IDeA spends more time on analyzing good lines than bad lines, similar to what human players do when analyzing a game. Additionally, IDeA monitors every position while it is being analyzed and decreases the analysis time if it doesn't look good enough. The worse a move looks the shorter the analysis time will be. The settings which affect how frequently such checks are done and how deviations are handled are stored in an XML file: <AquariumData>\IDeA\time_tuning.xml. Advanced users can edit this file (e.g. with a text editor) and modify or even deactivate this feature.
The standard Aquarium 2012 time_tuning.xml is shown here:
<if delta="20" time_coeff="0.5"/>
<if delta="10" time_coeff="0.75"/>
<if delta="5" time_coeff="0.9"/>
<if delta="-5" time_coeff="1"/>
<if delta="-10" time_coeff="0.9"/>
<if delta="-20" time_coeff="0.75"/>
<if delta="-100" time_coeff="0.5"/>
These settings are applied to both automatically and manually generated tasks.
IDeA checks the evaluation of the move that is being analyzed at certain intervals. How often it does that is controlled by the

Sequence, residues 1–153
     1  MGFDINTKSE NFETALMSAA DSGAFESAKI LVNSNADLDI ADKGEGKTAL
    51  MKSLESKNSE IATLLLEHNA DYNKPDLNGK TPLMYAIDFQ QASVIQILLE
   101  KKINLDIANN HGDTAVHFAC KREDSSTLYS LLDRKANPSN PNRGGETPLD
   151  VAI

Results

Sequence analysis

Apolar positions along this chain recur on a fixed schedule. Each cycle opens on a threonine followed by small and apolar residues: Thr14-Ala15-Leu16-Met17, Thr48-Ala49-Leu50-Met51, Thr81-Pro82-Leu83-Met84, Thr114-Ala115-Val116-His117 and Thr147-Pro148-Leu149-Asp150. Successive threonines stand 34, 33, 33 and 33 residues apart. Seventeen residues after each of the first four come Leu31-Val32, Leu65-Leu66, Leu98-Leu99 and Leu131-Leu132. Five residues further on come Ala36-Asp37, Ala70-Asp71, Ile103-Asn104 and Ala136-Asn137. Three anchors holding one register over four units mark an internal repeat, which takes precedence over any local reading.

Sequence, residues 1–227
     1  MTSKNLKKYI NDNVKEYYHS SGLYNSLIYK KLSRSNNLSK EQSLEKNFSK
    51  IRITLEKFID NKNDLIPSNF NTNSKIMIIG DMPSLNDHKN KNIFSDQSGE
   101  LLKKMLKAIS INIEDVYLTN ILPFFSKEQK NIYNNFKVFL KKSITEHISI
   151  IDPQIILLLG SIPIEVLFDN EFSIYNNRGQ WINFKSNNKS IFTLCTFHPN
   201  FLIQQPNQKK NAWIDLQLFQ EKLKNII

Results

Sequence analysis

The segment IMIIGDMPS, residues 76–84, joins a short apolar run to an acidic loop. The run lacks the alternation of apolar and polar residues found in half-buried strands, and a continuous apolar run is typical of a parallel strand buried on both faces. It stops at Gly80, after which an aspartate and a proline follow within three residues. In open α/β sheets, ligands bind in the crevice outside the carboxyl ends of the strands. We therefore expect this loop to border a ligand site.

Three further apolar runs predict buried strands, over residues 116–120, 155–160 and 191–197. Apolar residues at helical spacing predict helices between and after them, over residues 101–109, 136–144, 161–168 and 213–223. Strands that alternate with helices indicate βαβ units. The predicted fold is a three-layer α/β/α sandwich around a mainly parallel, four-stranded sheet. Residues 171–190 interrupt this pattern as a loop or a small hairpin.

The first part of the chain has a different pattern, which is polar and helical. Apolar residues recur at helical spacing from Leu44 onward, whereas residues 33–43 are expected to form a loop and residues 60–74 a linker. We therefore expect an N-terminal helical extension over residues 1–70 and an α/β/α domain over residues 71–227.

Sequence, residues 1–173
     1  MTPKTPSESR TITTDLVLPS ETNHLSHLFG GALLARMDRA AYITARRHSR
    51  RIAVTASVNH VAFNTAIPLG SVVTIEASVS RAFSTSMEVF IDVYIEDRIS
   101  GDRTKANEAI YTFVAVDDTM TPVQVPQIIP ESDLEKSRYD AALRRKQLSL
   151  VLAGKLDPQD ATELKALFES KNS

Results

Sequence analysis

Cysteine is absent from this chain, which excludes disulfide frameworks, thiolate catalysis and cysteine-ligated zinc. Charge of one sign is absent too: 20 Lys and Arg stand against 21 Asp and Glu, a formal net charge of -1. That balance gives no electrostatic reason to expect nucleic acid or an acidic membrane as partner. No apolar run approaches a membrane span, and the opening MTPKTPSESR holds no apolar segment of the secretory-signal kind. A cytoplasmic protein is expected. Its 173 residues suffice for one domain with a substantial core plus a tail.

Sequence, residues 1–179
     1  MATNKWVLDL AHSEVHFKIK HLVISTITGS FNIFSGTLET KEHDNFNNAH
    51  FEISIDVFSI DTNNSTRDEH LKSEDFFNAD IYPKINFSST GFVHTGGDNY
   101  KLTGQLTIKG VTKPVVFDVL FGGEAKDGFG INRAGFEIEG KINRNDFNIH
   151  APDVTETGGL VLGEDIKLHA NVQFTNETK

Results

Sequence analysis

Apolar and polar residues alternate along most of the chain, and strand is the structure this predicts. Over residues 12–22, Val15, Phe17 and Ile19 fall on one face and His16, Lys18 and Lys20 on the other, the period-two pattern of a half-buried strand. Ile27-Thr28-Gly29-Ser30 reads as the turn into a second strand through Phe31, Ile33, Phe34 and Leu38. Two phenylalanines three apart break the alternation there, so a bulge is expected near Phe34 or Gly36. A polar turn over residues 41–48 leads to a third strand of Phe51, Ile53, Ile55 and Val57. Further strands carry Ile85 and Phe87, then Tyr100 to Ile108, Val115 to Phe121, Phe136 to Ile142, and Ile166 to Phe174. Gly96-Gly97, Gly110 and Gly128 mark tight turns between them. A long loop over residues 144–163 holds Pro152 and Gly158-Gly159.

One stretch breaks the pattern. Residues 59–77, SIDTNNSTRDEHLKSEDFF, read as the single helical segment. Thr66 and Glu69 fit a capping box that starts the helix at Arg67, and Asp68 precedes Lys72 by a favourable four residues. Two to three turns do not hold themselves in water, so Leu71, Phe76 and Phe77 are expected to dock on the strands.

first_intervalparameter. In this example it is set to "3" which means that IDeA will make its first check after 3 seconds of analysis and reduce the analysis time depending on the other settings in the file. The second check will be done after 6 seconds (2x3), the third one after 12 seconds (2x6) etc.
Each time the check is performed, Aquarium compares the current engine evaluation to the root node score. If the current evaluation deviates from the root score, both time and max.time for the task can be multiplied by some value which is usually less than 1. In the example XML shown above, if the current engine evaluation is worse than the root score by 20% or more, then the analysis time for the task will be multiplied by 0.5 (i.e. divided by 2). If the deviation is between 10% and 19%, then the analysis time will be multiplied by 0.75. etc. Each <if> tag means the following: If the current deviation is greater than or equal to 'delta', then multiply time and max.time by 'time_coeff'. The tags are not cumulative, i.e. only one of them (with the greatest possible 'delta') is selected. If delta < 0, the analysis time is also reduced when the engine evaluation is better than the root score (Note that this will mostly happen in sidelines where it doesn't affect the mainline).
Note that the time can be reduced repeatedly if the deviation remains big enough. As an example, let's say that you have time=120 and max. time = 600:
You can see the mapping from evaluation to percentage scores on the Evaluation tab of the Annotation Editor (Ctrl+A).
1) After 3 seconds the deviation is 12%. The time is reduced to 120*0.75 = 90 seconds and max. time is reduced to 600*0.75 = 450 seconds.